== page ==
Artist Renato Muccillo's landscapes have often been compared to those of Dutch masters and 19th Century English artists. However, Muccillo’s images remind us how frequently today’s landscape has been affected and appropriated by man and industry. We are mesmerized at first by the luxurious colours and near miraculous use of light but, on closer inspection, we notice the culvert, the pilings, the log booms, or the distant plume of smoke stacks. Even the farms that serve as subject matters of his paintings leave us wondering if they are viable or abandoned as there is no sign of human life—only the marks left behind by man and machine.
It is a curious relationship between the sheer beauty and effect of light as it hits, or emanates from, intrusive steam plumes. The radiance is gorgeous, the content disquieting. And yet we have grown so accustomed to these elements in our surroundings that we frequently overlook them, taking for granted what is actually there. Muccillo plays on that subtle distraction and steers our eye toward man’s impact on nature by compelling us to recognize, if not falsely sense, nature’s overwhelming beauty. To look upon one of his paintings is, at times, akin to being lured by the siren song of modernity in the context of wished-for romanticism. In the end, we are often inexplicably compelled to look upward to the sky and fix our eyes there, forgetting what we have left, or been left with, below. Perhaps it is for that reason Muccillo’s skies are what we remember most of his landscapes, long after we have walked away from them.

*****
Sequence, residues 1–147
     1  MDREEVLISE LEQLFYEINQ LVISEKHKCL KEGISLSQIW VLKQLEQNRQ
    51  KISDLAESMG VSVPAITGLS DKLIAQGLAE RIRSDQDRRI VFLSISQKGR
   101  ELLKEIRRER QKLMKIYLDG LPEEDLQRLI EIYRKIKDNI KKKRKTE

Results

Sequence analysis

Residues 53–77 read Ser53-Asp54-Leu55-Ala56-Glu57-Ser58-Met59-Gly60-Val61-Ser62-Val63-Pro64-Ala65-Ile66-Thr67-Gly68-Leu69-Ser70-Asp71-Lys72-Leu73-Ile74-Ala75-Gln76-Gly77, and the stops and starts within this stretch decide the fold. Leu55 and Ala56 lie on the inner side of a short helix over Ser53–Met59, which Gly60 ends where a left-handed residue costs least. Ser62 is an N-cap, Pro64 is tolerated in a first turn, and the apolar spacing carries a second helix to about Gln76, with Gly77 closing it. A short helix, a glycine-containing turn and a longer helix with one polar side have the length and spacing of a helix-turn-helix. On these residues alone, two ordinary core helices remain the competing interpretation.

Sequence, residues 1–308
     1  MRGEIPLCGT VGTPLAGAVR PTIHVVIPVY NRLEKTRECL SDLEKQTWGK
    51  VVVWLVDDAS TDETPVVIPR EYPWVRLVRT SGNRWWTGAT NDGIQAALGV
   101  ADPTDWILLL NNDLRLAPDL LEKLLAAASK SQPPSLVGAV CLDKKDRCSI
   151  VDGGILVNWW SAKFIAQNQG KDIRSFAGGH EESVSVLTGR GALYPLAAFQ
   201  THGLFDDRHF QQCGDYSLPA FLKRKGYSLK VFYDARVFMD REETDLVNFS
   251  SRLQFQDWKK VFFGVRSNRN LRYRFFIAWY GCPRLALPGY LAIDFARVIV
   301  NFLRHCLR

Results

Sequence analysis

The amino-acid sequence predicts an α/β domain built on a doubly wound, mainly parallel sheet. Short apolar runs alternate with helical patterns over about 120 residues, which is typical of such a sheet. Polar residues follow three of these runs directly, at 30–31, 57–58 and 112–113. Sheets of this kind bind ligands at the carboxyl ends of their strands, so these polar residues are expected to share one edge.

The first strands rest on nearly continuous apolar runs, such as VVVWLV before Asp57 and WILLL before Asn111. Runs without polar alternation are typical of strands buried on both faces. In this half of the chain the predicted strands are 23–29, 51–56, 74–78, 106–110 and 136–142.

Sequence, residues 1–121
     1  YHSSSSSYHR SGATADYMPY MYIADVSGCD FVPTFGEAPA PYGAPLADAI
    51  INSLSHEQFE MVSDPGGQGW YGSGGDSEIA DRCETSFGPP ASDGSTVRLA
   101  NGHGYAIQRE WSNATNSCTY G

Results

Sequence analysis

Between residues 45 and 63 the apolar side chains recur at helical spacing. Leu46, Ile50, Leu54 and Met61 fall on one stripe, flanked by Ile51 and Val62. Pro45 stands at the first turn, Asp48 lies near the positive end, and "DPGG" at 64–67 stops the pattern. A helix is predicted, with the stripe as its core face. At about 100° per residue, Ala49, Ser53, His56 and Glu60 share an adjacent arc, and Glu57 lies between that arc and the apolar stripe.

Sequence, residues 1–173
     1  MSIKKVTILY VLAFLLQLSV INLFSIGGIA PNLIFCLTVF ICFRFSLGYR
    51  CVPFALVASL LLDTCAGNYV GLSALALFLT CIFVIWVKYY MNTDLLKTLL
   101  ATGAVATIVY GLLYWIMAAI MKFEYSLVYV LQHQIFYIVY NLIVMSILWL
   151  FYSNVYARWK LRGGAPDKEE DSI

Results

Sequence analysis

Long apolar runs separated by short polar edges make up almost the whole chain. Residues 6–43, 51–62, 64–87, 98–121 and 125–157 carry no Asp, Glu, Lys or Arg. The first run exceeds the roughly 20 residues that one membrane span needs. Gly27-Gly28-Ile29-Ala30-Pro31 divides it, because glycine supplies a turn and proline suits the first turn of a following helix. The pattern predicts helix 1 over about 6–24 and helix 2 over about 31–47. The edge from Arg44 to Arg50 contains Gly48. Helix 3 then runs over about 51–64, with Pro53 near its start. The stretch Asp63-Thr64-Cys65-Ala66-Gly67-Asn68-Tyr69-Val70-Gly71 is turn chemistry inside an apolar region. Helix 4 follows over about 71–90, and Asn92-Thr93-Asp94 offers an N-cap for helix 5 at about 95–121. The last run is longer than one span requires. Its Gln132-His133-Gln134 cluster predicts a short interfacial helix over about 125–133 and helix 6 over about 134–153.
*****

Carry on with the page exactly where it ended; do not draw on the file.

On the opposite end of the spectrum are Muccillo’s expressionist florals and abstracts. They are a shout of release, a slap in the eye needed to wake us from our soporific diversions while celebrating colour for the sake of colour alone. Their joyousness offer a sense of relief, and even rejoicing, in the storm of his landscapes and incredible versatility.